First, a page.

After the last Hallelujah, the family left and we stood to leave. The brass started up again. Leroy spent a signficant part of his life in New Orleans. We were delighted when the brass started up with "Just a closer walk with thee". I wish I'd a white handkerchief, I'd have waved it.

On to the reception. The string quartet played tastefully; there was a tremendous spread of food/snacks (all fattening and carby), and literally thousands of people. We all visited and enjoyed---until the quartet quit and packed up to leave. This was the big moment.

Amazingly, as soon as we formed up, and Lee Hinson (our ol buddy Lee, who married his sweetheart Jan James; who is now DR. G. Lee Hinson, Chairman of the Music Department of Oklahoma Baptist University) raised his baton, and the pianist hit the first notes---amazingly, amazingly, we immediately were transported 35 years back in time. It was as if we had had one of Leroy's legendary practices the day before. We were a bit worried about how Edy, Melody, and Gina would take it---till I looked over and saw them, and they were obviously delighted. When we stopped, there was a thunderous round of applause and the three Yarbrough ladies rushed over and started hugging us. So there was that.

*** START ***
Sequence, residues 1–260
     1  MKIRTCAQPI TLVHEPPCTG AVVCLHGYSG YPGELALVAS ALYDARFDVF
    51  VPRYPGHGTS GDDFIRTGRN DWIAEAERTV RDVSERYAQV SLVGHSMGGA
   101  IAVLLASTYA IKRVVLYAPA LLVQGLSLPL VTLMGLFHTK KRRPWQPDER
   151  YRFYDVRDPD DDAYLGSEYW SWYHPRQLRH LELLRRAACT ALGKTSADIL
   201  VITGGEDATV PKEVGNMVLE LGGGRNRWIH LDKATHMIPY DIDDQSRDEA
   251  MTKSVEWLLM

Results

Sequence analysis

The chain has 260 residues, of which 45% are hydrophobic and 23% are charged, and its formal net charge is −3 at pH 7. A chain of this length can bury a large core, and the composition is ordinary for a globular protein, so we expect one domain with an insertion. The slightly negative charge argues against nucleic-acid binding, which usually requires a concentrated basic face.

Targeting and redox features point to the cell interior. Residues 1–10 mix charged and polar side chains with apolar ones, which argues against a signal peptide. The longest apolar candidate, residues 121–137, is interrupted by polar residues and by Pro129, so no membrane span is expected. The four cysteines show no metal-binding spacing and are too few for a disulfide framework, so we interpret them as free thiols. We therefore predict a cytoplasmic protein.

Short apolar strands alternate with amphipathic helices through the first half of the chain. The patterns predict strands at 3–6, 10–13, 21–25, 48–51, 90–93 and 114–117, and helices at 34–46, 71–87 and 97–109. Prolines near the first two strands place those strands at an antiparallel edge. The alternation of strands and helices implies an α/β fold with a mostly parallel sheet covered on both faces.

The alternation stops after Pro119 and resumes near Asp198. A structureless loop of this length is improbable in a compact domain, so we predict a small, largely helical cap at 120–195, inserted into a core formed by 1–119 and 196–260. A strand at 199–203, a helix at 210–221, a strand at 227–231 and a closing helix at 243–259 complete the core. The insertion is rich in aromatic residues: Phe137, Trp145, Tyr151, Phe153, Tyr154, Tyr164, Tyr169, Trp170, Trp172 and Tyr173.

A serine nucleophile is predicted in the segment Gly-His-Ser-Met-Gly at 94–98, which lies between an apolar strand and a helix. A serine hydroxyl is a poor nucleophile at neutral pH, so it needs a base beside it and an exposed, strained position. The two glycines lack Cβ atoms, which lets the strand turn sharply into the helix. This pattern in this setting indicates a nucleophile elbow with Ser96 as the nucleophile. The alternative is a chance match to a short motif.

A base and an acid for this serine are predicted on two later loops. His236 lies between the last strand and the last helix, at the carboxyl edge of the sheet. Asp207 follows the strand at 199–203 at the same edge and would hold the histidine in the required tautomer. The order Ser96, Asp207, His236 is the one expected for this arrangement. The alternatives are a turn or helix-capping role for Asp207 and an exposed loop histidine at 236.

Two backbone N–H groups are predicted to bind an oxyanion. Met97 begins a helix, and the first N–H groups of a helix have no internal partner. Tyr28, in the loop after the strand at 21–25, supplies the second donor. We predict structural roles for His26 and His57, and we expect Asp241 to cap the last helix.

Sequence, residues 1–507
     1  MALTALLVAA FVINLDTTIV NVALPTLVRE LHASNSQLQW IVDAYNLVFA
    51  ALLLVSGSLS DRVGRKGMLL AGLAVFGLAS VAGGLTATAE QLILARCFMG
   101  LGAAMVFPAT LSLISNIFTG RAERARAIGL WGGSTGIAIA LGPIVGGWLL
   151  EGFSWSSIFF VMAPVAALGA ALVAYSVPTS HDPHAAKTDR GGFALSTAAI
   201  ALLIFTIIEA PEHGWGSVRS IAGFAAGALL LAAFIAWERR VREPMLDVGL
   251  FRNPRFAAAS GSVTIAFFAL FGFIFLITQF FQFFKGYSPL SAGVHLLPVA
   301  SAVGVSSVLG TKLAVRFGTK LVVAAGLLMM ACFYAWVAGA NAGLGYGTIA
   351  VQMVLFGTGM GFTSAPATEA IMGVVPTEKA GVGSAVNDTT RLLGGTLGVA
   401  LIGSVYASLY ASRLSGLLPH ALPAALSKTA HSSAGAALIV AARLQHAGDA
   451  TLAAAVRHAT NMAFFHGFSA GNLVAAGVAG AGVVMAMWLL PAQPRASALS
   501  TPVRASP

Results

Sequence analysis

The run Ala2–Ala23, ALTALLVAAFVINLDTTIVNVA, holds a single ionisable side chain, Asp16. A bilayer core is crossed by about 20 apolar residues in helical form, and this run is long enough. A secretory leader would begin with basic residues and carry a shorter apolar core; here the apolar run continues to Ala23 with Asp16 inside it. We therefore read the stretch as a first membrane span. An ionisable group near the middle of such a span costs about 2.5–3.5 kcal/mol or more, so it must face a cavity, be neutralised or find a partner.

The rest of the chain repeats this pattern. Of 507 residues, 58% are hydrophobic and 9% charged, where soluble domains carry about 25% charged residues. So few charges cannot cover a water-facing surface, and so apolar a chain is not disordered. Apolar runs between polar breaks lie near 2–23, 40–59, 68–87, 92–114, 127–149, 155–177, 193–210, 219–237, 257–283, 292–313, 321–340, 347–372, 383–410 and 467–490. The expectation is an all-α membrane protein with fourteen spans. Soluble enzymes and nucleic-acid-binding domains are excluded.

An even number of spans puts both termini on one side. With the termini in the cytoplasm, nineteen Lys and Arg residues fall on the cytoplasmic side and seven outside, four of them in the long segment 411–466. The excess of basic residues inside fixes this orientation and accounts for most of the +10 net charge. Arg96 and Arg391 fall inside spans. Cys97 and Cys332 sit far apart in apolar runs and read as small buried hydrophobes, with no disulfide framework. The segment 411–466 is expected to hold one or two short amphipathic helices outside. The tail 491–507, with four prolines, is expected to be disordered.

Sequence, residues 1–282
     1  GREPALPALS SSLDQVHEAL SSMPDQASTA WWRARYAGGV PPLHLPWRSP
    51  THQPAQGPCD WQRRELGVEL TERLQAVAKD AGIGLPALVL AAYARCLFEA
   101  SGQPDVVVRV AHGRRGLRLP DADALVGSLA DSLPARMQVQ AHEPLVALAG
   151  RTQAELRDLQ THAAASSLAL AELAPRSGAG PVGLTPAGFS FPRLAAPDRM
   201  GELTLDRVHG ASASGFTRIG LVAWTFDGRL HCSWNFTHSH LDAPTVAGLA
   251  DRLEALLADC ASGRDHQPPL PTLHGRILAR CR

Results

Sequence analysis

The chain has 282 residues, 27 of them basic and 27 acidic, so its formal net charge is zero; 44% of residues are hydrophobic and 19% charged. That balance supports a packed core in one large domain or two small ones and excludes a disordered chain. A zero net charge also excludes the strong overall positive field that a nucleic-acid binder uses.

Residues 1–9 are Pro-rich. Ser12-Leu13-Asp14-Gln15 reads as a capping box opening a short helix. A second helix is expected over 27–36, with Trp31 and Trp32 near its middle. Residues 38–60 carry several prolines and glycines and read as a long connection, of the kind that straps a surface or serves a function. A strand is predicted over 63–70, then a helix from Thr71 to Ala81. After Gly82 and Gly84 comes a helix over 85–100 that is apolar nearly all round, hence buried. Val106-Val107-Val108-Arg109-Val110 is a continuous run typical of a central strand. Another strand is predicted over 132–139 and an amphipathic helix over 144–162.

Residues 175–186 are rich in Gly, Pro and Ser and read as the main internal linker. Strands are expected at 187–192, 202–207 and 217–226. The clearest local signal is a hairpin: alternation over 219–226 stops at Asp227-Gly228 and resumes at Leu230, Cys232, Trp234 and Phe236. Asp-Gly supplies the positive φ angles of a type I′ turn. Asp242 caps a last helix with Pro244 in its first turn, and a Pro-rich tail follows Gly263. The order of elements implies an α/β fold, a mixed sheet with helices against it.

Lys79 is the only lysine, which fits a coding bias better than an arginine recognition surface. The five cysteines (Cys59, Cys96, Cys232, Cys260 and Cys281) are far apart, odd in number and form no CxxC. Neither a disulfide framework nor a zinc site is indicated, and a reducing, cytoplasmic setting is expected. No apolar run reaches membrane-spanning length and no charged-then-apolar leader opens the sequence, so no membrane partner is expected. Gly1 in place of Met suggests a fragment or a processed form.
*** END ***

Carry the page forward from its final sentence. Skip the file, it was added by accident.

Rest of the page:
Tonight, we went to the Barn Door, a well-known steak place here. Buckner, Martha, Edy, Melody, and Gina joined us and it was magical. Once again we told stories, some funny, some serious; we sang (again, at the request of the Fannings, who weren't able to be at the Celebration due to Buckner's eye condition), we laughed, we cried, we held hands and sang Amazing Grace.

None of us were really close to our High School crowd. Oh, we had friends at school, but our real friends were at church. We couldn't wait for the weekend so we could see all our friends again.


You know, lightning never strikes twice, but for one more weekend we felt it.

We didn't realize this growing up, but we had a MAGICAL experience. We thought this was "just how it was" (if we thought about it at all). We never knew this would be a truly magical, once-in-a-lifetime, wonderful time. We had no idea then (really) how much we loved each other.

We have realized that now. We all just wish it hadn't taken us 35 years and a death in the family to bring us all back together.

We were blessed.

It's true! It's true! The crown has made it clear.
The climate must be perfect all the year.

A law was made a distant moon ago here:
July and August cannot be too hot.
And there's a legal limit to the snow here
In Camelot.
The winter is forbidden till December
And exits March the second on the dot.
By order, summer lingers through September
In Camelot.
Camelot! Camelot!
I know it sounds a bit bizarre,
But in Camelot, Camelot
That's how conditions are.
The rain may never fall till after sundown.
By eight, the morning fog must disappear.
In short, there's simply not
A more congenial spot
For happily-ever-aftering than here
In Camelot.

Camelot! Camelot!
I know it gives a person pause,
But in Camelot, Camelot
Those are the legal laws.
The snow may never slush upon the hillside.
By nine p.m. the moonlight must appear.
In short, there's simply not
A more congenial spot
For happily-ever-aftering than here
In Camelot.